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Thomas Ewing Sr.
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Most references state that
Thomas Ewing Sr., the son of Captain Findley Ewing and Jane Porter, was born in Londonderry, Ireland 6 October 1695.  However, baptism records at the Burt Congregation just outside of Londonderry indicate he was baptized on 10 October 1690.

This conflict has recently been discussed by Mrs. Margaret Ewing Fife on page 34 of her book, Ewing in America, 1995.   She states:

"One controversy that needs to be pointed up is the birth date of Thomas Ewing, "son of Finley and Jane Porter Ewing."  Ewing Families by Rev. Joseph L. Ewing on page 13 states Thomas "was born in Londonderry Ireland in 1695."  The tombstone of Thomas and Mary Maskell is 24 inches tall and was erected after she died 17 December 1784 at age 84.  It says...Thomas died 28 February 1747/8 age 52 years.  The stone was cut almost 100 years after Thomas was born and had been there over 100 years when Rev. Joseph L. Ewing saw it."

Mrs. Fife believes that Thomas Ewing was born in 1690 and that he was about 58 years old when he died.  An examination of the script of that day shows that the figure "8" and the figure "2" are exceedingly alike!  Because the 1690 birth date agrees with the baptism date found in the Burt Congregation records, it is most likely that the 1690 date is correct.

By 1714, the Irish people were brought to a state of degrading subjection to England; being precluded by restricting laws from the privileges of competition in trade and oppressed by exorbitant taxes and rents. They were wretchedly poor. There seemed to be no way out than to flee the country for America. An emigration from the North of Ireland to America commenced shortly after the Battle of the Boyne and continued for several years. In this stream of emigration, came the Ewings.  Thomas Ewing Sr. is thought to be the first of the American Ewing immigrants.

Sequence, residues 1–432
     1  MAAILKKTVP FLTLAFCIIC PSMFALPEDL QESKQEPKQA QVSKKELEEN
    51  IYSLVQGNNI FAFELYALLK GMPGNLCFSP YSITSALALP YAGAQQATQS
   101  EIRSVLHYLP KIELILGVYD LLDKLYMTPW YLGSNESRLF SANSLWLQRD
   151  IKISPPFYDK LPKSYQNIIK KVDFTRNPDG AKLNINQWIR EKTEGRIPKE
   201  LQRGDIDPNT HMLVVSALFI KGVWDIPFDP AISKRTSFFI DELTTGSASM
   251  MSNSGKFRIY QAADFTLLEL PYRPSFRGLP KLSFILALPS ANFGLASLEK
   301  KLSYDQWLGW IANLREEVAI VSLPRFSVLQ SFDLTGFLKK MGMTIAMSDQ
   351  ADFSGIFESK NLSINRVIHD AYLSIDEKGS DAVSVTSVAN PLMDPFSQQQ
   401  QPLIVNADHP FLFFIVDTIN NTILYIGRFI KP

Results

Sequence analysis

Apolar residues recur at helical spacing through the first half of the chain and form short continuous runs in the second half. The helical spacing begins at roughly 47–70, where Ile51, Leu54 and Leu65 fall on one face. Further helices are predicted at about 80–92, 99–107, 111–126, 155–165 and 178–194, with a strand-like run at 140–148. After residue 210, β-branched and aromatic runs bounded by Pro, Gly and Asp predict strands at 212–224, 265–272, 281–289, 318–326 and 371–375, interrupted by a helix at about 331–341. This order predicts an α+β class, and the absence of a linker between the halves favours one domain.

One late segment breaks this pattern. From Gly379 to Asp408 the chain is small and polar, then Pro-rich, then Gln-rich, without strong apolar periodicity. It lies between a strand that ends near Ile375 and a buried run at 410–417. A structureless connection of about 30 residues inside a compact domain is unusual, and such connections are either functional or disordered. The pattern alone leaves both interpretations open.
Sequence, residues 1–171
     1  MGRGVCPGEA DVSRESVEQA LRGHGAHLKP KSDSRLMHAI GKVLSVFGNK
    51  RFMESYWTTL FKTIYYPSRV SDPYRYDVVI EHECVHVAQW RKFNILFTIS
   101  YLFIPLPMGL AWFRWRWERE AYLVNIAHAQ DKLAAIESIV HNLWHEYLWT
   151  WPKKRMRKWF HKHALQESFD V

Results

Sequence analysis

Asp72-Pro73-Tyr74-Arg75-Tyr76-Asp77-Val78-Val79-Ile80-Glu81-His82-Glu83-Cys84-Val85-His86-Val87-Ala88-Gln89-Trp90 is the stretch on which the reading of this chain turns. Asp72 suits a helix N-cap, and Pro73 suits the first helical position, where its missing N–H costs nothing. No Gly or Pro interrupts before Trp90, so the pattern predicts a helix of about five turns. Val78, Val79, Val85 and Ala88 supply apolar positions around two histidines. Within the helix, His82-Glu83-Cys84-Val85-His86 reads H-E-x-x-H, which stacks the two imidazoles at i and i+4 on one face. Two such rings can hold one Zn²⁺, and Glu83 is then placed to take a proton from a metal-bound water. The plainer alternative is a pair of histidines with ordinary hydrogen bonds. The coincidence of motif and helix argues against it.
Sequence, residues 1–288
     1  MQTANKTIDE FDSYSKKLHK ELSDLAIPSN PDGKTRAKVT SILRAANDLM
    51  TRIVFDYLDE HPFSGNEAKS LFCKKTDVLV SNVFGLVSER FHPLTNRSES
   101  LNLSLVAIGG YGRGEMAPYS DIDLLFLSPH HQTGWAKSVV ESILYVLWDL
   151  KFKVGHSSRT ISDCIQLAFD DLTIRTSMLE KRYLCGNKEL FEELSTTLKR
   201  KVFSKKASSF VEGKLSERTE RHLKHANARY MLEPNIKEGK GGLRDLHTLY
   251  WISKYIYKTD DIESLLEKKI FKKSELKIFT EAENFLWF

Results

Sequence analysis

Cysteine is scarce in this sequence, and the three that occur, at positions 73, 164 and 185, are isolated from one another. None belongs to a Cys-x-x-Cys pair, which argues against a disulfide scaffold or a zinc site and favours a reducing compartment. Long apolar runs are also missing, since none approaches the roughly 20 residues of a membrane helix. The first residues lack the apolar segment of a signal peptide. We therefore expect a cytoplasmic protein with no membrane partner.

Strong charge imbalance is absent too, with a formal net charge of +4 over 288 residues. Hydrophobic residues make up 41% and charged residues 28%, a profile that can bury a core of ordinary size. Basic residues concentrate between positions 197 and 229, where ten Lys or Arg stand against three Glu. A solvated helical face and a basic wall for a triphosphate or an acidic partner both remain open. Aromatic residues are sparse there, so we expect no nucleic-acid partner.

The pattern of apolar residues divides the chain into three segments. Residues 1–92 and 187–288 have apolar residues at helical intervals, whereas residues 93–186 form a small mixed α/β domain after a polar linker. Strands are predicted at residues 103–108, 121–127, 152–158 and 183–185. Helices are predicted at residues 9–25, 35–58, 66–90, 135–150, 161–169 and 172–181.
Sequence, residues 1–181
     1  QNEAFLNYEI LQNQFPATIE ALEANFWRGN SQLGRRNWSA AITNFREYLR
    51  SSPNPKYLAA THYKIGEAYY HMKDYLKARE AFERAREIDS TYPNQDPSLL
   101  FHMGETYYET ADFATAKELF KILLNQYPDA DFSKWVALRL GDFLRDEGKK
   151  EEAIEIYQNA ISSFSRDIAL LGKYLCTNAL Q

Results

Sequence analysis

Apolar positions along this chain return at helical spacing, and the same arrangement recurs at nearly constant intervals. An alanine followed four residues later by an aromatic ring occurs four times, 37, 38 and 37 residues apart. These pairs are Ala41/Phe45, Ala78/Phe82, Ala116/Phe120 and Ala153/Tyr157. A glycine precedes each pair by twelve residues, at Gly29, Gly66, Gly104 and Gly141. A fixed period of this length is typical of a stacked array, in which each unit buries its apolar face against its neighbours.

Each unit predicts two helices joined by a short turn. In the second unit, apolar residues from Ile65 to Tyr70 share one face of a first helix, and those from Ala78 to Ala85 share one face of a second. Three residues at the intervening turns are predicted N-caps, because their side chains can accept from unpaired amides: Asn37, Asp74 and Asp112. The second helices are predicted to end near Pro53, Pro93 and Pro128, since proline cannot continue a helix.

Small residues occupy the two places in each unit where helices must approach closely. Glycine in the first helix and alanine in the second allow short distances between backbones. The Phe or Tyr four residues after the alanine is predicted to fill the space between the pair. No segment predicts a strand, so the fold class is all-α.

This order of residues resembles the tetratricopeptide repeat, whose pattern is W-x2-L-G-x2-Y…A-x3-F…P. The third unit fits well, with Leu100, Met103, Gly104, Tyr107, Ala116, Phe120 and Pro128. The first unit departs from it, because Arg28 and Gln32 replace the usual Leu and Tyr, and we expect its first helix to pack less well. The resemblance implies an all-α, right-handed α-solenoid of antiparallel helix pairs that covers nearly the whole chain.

Thomas may have come to America with his brother Findley but this has never been proven. Thomas first came to Long Island and in a short time found a permanent home at Greenwich, New Jersey. He soon found employment in a mill which stood over the "Meeting House" run. One day a friend observed to him that there was a pretty girl on horseback watering her horse at the run. After going to the window to see her, Thomas said, "I shall marry that girl." The pretty girl on horseback was Mary Maskell, the nineteen year old daughter of Thomas and Mercy Maskell. They were married in 1720. Her father gave her as a marriage gift, one hundred acres of land upon which she and her husband lived.

Thomas was a Deacon in the Presbyterian Church in Greenwich where he and his family were very active in church life.  He and his wife Mary are both buried in the Presbyterian Churchyard in Greenwich. An ancient family manuscript speaks of Thomas Ewing as "A man highly respected and esteemed by all who knew him."

For information on the descendants of Thomas Ewing Sr., please go to Descendant Names.


Copyright 1998-2006 Marilyn Price-Mitchell.  Permission to copy all or part of this page granted for non-commercial use only.  Send mail to ewingfamily(at)sandcastles.net.  Instead of (at), use the @ symbol normally found in an email address. Last modified: September 16, 2006